Frame by Mrs. Miles
Paper by cafe digiRound
tag by scrappy pony
Link ribbon by kimbs designs
Button by Barbara LeMay
Large rectangle tag made by Lucy using Broderbund graphics
Thank you Lucy for allowing me to publish your heritage layout here. Lucy, I notice your relative's last name is Richter – you must then, have a wealth of heritage here, as the Richter name is synonymus with this area! I'm looking forward to seeing more!
I know it means bomb in a GOOD way! haha!
I have recieved another blog award :) this time from Silvia. Ok, you know, I've been awarded many awards lately – but I want to tell you I won't ever get used to it. Each time I recieve one is a fresh delight to me. I know that each time I get one I know you're thinking of me – so THANK you! Your comments are always a 'smile' in my day – awards are plus, plus, plus! I'll think on passing this one on... if I get time! By the way, I peeked and saw some really nice frames for download at Silvia's blog...
Barb's Handy Tip #313
Feed and Watch!
I saw a clip on Martha Stewart recently about this project – and I though immediately of my good friend Cicero – who was wondering what the loooong winter would bring in the way of photos and info for bloggable materials. This is right up your alley Cis! And wouldn't this make a terrific Christmas gift for that someone on your list who already has everything?
Project FeederWatch is a winter-long survey of birds that visit feeders at backyards, nature centers, community areas, and other locales in North America. FeederWatchers periodically count the highest numbers of each species they see at their feeders from November through early April. FeederWatch helps scientists track broadscale movements of winter bird populations and long-term trends in bird distribution and abundance.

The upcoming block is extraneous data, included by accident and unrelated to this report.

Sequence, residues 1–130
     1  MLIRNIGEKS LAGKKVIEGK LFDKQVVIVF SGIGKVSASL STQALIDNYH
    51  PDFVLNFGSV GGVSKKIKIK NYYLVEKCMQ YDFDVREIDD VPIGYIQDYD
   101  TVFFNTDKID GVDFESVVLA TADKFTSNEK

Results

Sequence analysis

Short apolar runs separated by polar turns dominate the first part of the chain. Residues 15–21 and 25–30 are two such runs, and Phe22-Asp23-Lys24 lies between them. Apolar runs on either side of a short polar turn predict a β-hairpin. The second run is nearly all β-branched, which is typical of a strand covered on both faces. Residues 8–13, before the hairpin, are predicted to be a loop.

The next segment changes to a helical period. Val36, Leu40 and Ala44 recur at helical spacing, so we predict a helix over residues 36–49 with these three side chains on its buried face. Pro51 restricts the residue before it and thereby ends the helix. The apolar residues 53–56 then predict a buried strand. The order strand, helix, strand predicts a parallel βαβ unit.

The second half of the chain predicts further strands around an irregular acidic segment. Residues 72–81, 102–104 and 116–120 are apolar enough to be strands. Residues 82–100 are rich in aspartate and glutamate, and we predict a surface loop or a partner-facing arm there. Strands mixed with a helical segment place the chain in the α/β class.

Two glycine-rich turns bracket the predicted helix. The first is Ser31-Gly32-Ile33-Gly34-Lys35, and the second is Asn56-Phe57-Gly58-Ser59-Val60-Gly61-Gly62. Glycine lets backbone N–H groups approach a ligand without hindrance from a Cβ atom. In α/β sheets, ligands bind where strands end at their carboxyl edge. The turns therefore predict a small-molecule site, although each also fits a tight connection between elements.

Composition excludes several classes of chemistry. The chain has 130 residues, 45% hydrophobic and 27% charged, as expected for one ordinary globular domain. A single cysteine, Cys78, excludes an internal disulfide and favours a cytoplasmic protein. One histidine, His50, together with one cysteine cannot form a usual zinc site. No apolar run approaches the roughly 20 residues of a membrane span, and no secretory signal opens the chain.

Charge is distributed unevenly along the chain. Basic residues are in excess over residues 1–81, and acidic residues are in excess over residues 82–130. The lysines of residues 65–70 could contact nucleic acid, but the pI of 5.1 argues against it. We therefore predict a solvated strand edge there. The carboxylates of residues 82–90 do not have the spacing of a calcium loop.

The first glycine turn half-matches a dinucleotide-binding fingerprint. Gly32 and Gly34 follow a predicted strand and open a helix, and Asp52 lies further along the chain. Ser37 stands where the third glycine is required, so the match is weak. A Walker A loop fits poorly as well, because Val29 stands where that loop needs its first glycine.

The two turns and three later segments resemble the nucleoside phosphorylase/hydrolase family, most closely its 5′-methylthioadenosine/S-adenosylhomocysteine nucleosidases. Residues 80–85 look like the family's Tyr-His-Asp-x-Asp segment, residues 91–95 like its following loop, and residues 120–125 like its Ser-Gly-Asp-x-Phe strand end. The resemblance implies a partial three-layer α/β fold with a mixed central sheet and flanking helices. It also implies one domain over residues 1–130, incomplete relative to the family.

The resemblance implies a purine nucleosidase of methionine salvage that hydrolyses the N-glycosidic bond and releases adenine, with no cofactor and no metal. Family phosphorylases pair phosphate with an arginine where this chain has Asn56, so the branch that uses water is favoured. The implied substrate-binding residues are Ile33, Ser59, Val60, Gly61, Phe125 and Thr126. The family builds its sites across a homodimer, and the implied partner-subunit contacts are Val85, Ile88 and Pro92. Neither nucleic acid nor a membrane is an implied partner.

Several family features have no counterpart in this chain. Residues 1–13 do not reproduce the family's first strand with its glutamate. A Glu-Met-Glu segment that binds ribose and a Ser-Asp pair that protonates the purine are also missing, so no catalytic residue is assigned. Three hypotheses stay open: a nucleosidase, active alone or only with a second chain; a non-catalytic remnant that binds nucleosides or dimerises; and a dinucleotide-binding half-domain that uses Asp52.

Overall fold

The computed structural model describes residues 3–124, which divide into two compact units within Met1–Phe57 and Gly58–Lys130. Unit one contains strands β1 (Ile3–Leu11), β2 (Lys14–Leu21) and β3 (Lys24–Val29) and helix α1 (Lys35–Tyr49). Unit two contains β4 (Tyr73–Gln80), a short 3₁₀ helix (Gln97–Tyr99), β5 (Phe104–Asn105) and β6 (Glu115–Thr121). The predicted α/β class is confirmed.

Project FeederWatch is operated by the Cornell Lab of Ornithology and Bird Studies Canada.
Anyone with an interest in birds! FeederWatch is conducted by people of all skill levels and backgrounds, including children, families, individuals, classrooms, retired persons, youth groups, nature centers, and bird clubs.
Count birds that appear in your count site because of something that you have provided (plantings, food, or water).
There is a $15 annual participation fee ($12 for Lab members, CAN$35 for Canadian participants), which covers materials, staff support, web design, data analysis, and a year-end report (Winter Bird Highlights) . Project FeederWatch is supported almost entirely by participation fees. Without the support of our participants, this project wouldn't be possible.
Participants receive a Research Kit, which contains instructions, a bird identification poster, a wall calendar, a resource guide to bird feeding, and data forms—everything you need to start counting your birds. Canadian participants, because they are also members of Bird Studies Canada (BSC), receive the BSC quarterly publication, BirdWatch Canada. Your kit will arrive in the fall (or about 3 weeks after you signup when you signup during the FeederWatch season). You provide the feeder(s) and seed.